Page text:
In the end, the hearings offered more titillation than fulfillment, with many questions left unanswered (or unasked) about Easley's and the Democrats' fundraising methods. The board, with its limited purview, focused on a few instances in which contributions went unreported or were given to the party but earmarked for Easley—an illegal practice, if the money was being laundered for his campaign. Much less was revealed about why the money was given.
(The latter question, and the favors divvied out to the Easleys by their friends, are the focus of a federal investigation led by U.S. Attorney George Holding and the FBI.)
Still, when considered in the context of Easley's history and the reporting by The N&O and other media, there was plenty of information in the board's hearings to draw some pretty appalling conclusions about state politics.
When Easley took the witness stand Oct. 28, he testified that he didn't like fundraising, didn't pay much attention to who gave him what and didn't review his own campaign reports to see if they were accurate. "Well, to my knowledge I don't think I've ever seen a campaign report," he said under oath, as a stunned board chairman Larry Leake stared at him.
Easley's statement covered his two successful campaigns for attorney general (1992 and 1996), as well as his 2000 and 2004 gubernatorial bids. He said he didn't know that his campaign treasurer wasn't reporting dozens of free flights supplied to him from 1998 to 2006 by his friend McQueen Campbell, as the law required. He was too busy doing his job as governor, he testified, to be bothered by such mundane tasks as scanning the campaign reports that showed no such air travel.
To listeners aware that Easley was widely considered by his fellow Democrats, as well as Republicans, to be distant and uninvolved in even the most important issues of state government while he was in office, this explanation for his ignorance defied belief.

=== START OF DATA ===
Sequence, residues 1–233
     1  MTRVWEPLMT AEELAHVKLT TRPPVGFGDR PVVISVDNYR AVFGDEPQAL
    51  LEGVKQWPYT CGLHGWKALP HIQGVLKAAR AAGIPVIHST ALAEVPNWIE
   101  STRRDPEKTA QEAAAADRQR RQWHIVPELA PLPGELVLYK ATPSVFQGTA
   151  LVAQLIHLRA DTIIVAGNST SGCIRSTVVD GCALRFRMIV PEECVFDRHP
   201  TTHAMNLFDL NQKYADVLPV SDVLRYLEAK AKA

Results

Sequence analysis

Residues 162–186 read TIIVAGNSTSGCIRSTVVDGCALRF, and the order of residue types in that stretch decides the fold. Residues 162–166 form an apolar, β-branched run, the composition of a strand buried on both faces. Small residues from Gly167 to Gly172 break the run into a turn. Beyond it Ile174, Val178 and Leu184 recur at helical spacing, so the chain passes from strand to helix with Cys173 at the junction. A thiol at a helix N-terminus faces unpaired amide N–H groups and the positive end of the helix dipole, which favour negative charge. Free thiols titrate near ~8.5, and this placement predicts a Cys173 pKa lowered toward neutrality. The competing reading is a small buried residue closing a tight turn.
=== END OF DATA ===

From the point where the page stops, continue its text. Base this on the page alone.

It did serve as a reminder, though, of how Easley was plucked from obscurity 20 years ago by the Democratic Party, and specifically by Tony Rand, the Fayetteville state senator who, in 1988, was a candidate for lieutenant governor. Rand, as Sinsheimer recalls, was taking a beating from his Republican opponent over crime issues, and he was looking for someone to vouch for his anti-crime credentials in a TV ad.
At the time, Easley was the district attorney for the Southeastern District of the state. He had been elected to that post, according to the testimony, with the help of Campbell's father, a wealthy Elizabethtown businessman. Easley was given a screen test by Rand's media guru, Saul Schorr of Philadelphia. "It turned out that he had the gift," Sinsheimer remembers—the gift of seeming forthright and strong on television.
Soon, Easley was starring in a pro-Rand campaign ad as a crime-fighting district attorney who'd battled the drug runners when they tried to land on our southeastern coast.
Rand lost that election, but Easley's star was born. He ran for the U.S. Senate two years later under the same crime-fighting motif but finished a strong second in the Democratic primary to Harvey Gantt.
Two years later, in 1992, Easley ran for attorney general and was elected comfortably, as he was in his three subsequent campaigns for state office.
Throughout, Easley had Schorr on his team managing his TV ads. By Easley's own testimony, the ads—"my message"—and the polls were what he paid attention to as a candidate, not who was giving him money or trips in their planes.